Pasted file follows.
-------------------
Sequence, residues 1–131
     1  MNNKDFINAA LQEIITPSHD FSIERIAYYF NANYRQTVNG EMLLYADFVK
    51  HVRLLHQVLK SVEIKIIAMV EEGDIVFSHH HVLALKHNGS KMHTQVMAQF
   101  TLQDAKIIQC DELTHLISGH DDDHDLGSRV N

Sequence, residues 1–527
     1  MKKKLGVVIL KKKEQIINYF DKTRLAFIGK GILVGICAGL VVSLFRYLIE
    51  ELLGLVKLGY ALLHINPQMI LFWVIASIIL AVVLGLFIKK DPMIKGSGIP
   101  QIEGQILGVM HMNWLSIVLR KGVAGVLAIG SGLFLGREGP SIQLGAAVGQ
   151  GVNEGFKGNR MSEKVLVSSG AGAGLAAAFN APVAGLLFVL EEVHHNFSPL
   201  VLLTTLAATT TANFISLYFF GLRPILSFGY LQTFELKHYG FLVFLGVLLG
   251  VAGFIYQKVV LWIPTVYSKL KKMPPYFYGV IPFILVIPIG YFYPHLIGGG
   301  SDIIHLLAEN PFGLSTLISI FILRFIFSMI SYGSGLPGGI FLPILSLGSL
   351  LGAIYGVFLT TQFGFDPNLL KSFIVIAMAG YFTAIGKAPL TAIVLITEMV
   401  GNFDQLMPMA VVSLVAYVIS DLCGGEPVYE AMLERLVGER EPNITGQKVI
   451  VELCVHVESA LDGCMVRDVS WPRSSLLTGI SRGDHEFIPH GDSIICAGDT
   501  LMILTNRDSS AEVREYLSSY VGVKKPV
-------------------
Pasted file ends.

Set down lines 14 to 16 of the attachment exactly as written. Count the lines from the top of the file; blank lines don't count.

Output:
   401  GNFDQLMPMA VVSLVAYVIS DLCGGEPVYE AMLERLVGER EPNITGQKVI
   451  VELCVHVESA LDGCMVRDVS WPRSSLLTGI SRGDHEFIPH GDSIICAGDT
   501  LMILTNRDSS AEVREYLSSY VGVKKPV